@robertkwendt || lead pastor
Do we need evidence to confirm our faith?
While the followers of Jesus got to see, experience, and witness his life, death, and resurrection, we're left to simply read about it. So how do we believe what we do not see? How can we be assured of something that we haven't had an eye-witness account of? Is it blind faith? Or is it true faith?
Having faith requires trust. I would argue that trust does not need to have something we physically see.
Here are some thoughts as to why:
1. jesus confirmed this would be the case.
In talking with an early follower, Thomas, Jesus asked him, “Have you believed because you have seen me?" He then said, "Blessed are those who have not seen and yet have believed" (John 20:29 ESV).
I believe that George Washington was the first president of the United States.
I believe that Alexander the Great led one of the greatest armies of all time.
I believe that there is hardly any gravity in space.
While I have heard people talk of these things, I have not physically seen or experienced them myself. Yet, I still believe them to be true.
In the same way we have been told about the life, death, and resurrection, it is now up to us to have faith in what has been shared.
Jesus said to him, 'Have you believed because you have seen me? Blessed are those who have not seen and yet have believed.' John 20:29 ESV
2. it is easier to believe non-religious history
Dr. Gary Habermas shared this past Sunday at our church. While sharing, he discussed the gaps between when a historical person lived and when the first things about them were written down. Take Alexander the Great for example. He died 500 years before anything was written down about him. Yet the first writings about the resurrection of Jesus came as early as 5 years after his death. Even if taken from the most conservative estimates, the earliest writings were still only 25 years after his death.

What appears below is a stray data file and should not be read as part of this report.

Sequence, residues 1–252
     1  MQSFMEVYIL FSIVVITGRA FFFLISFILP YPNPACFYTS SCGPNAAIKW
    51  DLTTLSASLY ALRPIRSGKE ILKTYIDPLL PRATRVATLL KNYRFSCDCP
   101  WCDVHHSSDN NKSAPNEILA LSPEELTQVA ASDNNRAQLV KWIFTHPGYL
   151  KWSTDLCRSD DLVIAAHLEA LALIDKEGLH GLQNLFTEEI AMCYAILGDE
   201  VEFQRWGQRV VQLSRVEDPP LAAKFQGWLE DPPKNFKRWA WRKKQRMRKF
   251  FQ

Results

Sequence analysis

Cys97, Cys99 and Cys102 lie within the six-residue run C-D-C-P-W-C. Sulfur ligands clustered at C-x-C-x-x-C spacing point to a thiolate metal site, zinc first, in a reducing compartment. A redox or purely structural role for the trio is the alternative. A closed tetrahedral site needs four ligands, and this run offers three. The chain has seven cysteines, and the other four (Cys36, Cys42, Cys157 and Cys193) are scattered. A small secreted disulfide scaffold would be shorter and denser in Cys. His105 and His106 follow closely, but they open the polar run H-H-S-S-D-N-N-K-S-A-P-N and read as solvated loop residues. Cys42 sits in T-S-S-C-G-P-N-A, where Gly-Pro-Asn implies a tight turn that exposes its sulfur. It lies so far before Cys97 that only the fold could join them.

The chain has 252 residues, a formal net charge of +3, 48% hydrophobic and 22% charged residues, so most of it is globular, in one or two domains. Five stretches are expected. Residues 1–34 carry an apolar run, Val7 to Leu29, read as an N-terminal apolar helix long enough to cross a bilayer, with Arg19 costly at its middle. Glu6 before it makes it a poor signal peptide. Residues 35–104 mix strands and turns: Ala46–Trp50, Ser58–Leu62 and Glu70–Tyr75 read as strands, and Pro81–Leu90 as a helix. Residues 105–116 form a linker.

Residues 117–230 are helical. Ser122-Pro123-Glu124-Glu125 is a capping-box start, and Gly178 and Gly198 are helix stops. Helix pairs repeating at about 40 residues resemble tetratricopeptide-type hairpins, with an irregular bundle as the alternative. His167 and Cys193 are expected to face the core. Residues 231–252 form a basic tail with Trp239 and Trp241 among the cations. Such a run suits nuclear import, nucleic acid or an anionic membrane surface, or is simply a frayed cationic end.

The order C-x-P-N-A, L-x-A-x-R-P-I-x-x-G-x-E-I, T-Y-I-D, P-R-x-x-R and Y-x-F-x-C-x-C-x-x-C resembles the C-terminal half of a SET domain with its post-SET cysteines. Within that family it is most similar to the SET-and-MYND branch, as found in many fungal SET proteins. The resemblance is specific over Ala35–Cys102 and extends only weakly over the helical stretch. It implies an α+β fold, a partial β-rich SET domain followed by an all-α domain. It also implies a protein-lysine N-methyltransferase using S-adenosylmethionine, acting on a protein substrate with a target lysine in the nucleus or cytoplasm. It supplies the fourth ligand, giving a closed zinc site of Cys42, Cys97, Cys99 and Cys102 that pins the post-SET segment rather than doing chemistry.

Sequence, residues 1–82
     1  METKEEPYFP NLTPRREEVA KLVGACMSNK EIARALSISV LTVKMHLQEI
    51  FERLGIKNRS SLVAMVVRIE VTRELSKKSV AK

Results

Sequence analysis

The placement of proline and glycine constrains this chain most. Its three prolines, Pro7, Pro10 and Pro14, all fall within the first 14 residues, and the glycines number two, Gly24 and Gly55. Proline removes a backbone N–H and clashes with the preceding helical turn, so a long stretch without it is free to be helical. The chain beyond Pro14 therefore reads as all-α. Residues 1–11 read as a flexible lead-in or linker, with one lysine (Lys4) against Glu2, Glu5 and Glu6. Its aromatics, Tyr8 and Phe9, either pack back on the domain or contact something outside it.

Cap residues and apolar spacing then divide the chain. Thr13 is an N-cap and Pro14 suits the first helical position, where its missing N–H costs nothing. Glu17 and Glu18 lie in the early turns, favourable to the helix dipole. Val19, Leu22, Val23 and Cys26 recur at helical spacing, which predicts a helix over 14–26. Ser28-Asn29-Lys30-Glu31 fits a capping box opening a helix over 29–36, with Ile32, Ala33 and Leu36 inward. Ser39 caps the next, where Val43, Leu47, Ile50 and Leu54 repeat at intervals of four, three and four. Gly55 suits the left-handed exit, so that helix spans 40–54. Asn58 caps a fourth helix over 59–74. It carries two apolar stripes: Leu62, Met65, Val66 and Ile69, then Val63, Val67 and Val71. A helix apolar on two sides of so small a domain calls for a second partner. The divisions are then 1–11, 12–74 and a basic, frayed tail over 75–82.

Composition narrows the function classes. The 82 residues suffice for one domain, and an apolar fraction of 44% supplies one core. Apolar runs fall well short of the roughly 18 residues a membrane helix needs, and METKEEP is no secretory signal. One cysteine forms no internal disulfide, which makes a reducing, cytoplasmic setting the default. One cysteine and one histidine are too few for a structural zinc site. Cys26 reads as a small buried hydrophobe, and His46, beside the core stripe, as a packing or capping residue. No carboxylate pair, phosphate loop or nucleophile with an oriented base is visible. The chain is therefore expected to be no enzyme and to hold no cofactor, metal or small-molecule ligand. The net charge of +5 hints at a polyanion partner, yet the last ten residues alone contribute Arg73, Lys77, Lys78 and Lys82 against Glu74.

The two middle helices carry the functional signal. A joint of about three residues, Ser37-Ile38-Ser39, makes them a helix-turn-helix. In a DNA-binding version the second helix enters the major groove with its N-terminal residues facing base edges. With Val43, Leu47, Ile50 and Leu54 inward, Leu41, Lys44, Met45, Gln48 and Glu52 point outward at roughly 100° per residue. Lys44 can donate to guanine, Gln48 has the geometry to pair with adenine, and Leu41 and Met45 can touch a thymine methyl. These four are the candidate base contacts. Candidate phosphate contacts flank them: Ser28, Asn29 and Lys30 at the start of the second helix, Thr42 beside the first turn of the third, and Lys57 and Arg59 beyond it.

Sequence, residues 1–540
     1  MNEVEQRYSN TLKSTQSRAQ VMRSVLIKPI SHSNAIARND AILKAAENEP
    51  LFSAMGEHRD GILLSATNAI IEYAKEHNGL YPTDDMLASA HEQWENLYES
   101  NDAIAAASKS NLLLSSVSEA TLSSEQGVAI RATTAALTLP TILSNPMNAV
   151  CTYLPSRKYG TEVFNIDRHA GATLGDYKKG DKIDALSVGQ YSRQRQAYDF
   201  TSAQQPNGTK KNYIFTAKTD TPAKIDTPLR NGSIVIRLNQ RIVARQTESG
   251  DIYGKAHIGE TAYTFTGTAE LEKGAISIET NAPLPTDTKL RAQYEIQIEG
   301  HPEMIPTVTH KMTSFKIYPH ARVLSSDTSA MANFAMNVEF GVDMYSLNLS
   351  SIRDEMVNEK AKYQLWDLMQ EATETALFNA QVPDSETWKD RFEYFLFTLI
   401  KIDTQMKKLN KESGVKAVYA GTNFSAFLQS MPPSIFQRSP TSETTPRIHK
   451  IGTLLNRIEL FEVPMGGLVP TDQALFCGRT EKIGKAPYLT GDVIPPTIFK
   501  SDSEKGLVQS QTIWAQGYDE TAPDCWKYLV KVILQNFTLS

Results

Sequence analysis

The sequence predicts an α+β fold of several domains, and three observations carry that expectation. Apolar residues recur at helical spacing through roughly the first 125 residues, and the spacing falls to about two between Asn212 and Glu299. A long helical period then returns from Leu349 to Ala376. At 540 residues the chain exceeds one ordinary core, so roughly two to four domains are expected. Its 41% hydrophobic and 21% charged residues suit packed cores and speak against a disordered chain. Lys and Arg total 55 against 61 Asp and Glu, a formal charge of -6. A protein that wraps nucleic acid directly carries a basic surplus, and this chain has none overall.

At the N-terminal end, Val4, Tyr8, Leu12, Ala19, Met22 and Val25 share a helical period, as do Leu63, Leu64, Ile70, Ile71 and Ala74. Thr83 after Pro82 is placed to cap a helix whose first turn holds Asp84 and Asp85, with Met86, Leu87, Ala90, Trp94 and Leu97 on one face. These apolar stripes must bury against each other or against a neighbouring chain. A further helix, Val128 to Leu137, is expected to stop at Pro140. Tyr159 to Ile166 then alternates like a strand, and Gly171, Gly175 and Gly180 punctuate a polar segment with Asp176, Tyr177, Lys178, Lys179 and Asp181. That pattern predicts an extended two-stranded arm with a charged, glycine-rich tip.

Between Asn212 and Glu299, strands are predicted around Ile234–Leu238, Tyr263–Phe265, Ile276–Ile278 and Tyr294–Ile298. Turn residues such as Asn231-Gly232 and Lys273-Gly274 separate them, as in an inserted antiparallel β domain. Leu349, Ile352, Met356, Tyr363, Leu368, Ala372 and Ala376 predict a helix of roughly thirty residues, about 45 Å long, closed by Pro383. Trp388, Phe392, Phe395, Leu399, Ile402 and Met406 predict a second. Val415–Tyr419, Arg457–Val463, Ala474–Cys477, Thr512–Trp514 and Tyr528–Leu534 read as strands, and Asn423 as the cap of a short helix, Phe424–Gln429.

How come we don't question the history of Alexander the Great, but we quickly jump to conclusions about the history of Jesus? The answer is simple: Jesus brings controversy. Accepting the resurrection of Jesus means accepting that he was God. Because after all, as Dr. Habermas stated, "God wouldn't raise a heretic from the dead."
If Jesus did rise, as is historically recorded, then he must be God. However, when we claim that history, it also claims that the other religions in the world are wrong. It claims that Jesus is the only way. It brings controversy. And naturally, we don't want controversy.
However, we must understand that we have found physical papyrus of the letters of Paul and other early followers of Jesus. We have physical evidence of historical documents. The Bible is not some made up text, but it's full of writings from people who walked with Jesus. People who knew of these events firsthand.
I love how John puts it in his writing:
"Now there are also many other things that Jesus did. Were every one of them to be written, I suppose that the world itself could not contain the books that would be written" (John 21:25 ESV).
God wouldn't raise a heretic from the dead." Dr. Gary Habermas
3. when we walk with jesus, we see how jesus' way is best.
In my life, I've spent over a decade as a baseball umpire. From there, I branched out into basketball and football officiating. While the sports are different, they each have something in common—a rule book.
In fact, everything we do falls within the framework of some type of structure or set of rules. There are rules of science, rules of ethics, rules of engagement, and even rules of communication. Sometimes, we don't even consciously think about such rules, but they're still there.
Jesus also gave us some guidelines to live by. In fact, he explains that they can all be summed up into two things:
1. Love God.
2. Love People.
When we walk with Jesus, the rules we play by are to love him and love the people we encounter. Like in any sport, we sometimes go against these rules; but we know that it's the framework in which the game is to be played.
As we continue to experience life within these guidelines more and more, we begin to see how Jesus is working through us individually. We begin to realize that following him isn't an obligation. No. It's simply the way we are designed to live.
It is best.
As his teachings are lived out, we begin to see all the evidence we ever needed.